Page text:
Having the Chat: Your first step towards remote work


It’s not always easy asking for what you want. Especially from your boss. Fears of coming across as presumptuous or impudent can conspire to keep you where you’ve always been. It’s not that you don’t like your team, or having chats around the ping pong table (or is that too 2014?). It’s just that you would really, REALLY rather spend your mornings doing yoga rather than commuting, making scrambled eggs rather than grabbing a muffin on the go. And, that holy grail of remote professionalism, who hasn’t wanted to work sans-pants? (seriously google it, there’s even a book about it).

Remote work, or telecommuting as it’s commonly known, is not a new concept. In fact the Work without Walls survey by Microsoft in 2011 triggered structural changes within organisations internationally when it was found that  “a fifth of respondents…said they’ve conducted a business call in their underwear.” Yes that was a weak segue. But the figures don’t lie.

Despite the figures, however, some employers baulk at the idea of losing sight of their employees. This is obviously lacking in rationale, as anyone who spends the first hour of work on FB can tell you,

“You can make me sit at this desk but I will exercise my right to waste time DAMNIT!” Sound familiar?

Whether it makes sense or not, you’re going to need to make your employer comfortable with a new arrangement and that means one thing: TRUST.

So where do you start?

Well, firstly, you’re going to want to be on good terms with your employer, and be confidant that your work has been up to scratch. NOTE: Your argument can NOT be “So yea, you know how I come in late all the time and called in sick the day after I was tagged #jelloshots #sleepwhenimdead…yea so I’ll be HEAPS more productive if you just let me work from home.”

Erm. No.

The best way to build trust in your ability to work remotely is to give it a try, so I’ve put together a roadmap for you:

Step One: Question your motivations and suitability.


Are you sure you want this? Why do you want to leave the office environment? And how do you imagine your day looking if you did? The reality of location independence is considerably more challenging than you might expect. You need to be the kind of person that can self-motivate, stay on task, manage your own time effectively, and be able to stay focused when there’s a million distractions such as the laundry and dishes (although you can use those as your break tasks), the tv, your partner or your cat. (NOTE: Cats have evolved specifically to lie on laptops, paperwork, and hide your pens). Oh, and partners look much sexier when you’ve been staring at a spreadsheet for 3 hours.

Step Two: Get your facts straight.

If you’re going to present the concept of going remote to your boss, familiarise yourself with the pro’s and con’s. Here I’ve presented it under headings that’ll convince your employer you have your company values in mind. Keywords people, keywords.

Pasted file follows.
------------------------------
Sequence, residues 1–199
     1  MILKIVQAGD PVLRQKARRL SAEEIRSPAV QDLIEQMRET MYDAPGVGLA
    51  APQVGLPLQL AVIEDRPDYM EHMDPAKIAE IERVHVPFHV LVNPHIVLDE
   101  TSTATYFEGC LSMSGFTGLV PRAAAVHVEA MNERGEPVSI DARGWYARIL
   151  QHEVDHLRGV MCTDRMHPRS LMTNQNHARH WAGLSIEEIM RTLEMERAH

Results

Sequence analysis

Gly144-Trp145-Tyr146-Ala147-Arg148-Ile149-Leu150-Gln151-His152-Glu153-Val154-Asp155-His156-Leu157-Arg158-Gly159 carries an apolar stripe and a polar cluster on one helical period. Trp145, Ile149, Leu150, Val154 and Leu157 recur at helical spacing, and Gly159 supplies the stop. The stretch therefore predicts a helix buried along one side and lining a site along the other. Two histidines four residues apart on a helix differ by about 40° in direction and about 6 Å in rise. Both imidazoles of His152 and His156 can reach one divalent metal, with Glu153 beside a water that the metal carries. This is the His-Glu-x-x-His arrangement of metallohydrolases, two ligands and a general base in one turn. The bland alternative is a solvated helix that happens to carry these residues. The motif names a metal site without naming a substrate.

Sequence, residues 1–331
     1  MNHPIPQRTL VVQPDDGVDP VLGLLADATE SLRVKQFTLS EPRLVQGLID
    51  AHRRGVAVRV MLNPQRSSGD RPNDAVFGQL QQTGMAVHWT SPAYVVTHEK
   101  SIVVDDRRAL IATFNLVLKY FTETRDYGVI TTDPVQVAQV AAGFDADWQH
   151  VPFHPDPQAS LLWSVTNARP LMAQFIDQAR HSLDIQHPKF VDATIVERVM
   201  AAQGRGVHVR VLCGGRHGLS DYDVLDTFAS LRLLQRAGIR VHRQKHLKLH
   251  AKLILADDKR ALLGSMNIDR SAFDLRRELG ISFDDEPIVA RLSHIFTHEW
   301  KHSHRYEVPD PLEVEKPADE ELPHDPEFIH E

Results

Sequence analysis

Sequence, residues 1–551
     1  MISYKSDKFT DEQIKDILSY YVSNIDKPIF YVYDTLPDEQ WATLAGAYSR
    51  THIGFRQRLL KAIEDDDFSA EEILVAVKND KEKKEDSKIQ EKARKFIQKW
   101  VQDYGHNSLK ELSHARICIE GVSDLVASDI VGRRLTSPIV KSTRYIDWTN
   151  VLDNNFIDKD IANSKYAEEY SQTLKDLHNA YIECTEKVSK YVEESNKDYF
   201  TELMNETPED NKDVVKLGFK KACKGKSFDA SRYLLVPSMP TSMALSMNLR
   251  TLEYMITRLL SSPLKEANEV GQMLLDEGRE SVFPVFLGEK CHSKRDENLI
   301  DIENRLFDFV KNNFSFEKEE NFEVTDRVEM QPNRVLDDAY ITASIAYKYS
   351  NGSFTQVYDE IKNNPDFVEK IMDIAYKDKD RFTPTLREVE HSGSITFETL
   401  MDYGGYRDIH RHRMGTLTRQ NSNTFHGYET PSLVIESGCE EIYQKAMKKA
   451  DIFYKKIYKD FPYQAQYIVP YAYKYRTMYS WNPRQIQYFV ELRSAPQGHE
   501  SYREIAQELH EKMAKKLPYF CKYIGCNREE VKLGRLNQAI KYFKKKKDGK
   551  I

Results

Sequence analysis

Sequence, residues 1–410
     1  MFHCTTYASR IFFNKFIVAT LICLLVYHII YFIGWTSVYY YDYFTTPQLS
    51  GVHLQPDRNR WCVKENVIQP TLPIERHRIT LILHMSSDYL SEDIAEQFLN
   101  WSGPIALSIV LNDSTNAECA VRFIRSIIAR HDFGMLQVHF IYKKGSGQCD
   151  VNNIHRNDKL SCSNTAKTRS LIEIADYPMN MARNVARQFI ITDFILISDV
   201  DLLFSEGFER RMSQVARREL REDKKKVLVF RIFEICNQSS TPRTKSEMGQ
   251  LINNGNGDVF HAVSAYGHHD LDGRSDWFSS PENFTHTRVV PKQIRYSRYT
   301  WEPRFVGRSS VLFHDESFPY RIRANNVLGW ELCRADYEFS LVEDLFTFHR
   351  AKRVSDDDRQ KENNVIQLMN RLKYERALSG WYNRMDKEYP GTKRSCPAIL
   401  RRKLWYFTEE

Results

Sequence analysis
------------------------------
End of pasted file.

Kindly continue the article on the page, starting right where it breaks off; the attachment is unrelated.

Passion: Remote work offers you more autonomy and flexibility with your schedule, which in turn results in a reduction of stress as you have extra time on your hands, hence greater work/life balance, increased happiness and thus increased productivity.

Profit: They’ll SAVE MONEY if they reduce office space, reduce tardiness and absenteeism as you can’t get stuck in traffic, use a snowstorm as an excuse, and if the kids are sick you can be there for them AND your boss (although to be fair that one sounds a bit stressful).

People: They’ll both retain employees and appeal to new prospective employees, as flexibility is sexier than ping pong tables.

Planet: Reduce CO2 emissions by reducing commutes, one remote worker at a time!

(Although I do think it would be interesting to see a graph with emissions from daily commuting over X number of years VS emissions produced by air travelling location independent professionals. But I digress.)


Distractions, lack of boundaries, loneliness, loss of motivation,


(More genius honesty about working from home at The Oatmeal.)

Step Three: Get to grips with the practicalities.

  1. I’m going to assume that as you’re currently employed you’re probably brainy enough to realise you’ll need a computer and wifi connection wherever you choose to work. Then again, office work can occasionally sap brain-power, so I thought I’d mention it.
  2. How is your boss going to monitor your work? Are you still going to be required to ‘clock in’ online for a certain number of hours or do you have a job scope that allows you to work however you want as long as you get the job done? You might need to present a system that tracks your hours as you work, such as Hivedesk or Hubbstaff.
  3. How is this going to affect your other working relationships? Will you be judged by the other non-location independent staffers? How will you keep up to date on gossip (I suggest Snapchat)? It is worth chatting with everyone you work with, and not just your boss, if you want to stay friendly with your colleagues.  

Step Four:

Write up a proposal. Have a chat. Gauge the reaction. Suggest a trial period.

AND VOILA! Nude work here I come!!!!

…and if things don’t go so well…

Step Five:

Here’s a list of remote work sites for your new job.





And if you’re REALLY ready to take a leap…DON’T GET A JOB.

If you have the financial means to support yourself for a while, why not explore starting your OWN business, so you never have to ask for permission again! There are a number of innovative organisations out there to support your exploration of entrepreneurship, location independence, and the future of work. Check out Coworkation.com, they curate retreats with a perfect balance of inspirational high end locations, exceptional networking potential and outcomes-based workshops and activities. They also have the smartest, sexiest staff.

Signing off, Kirsty for Coworkation  (#nopants).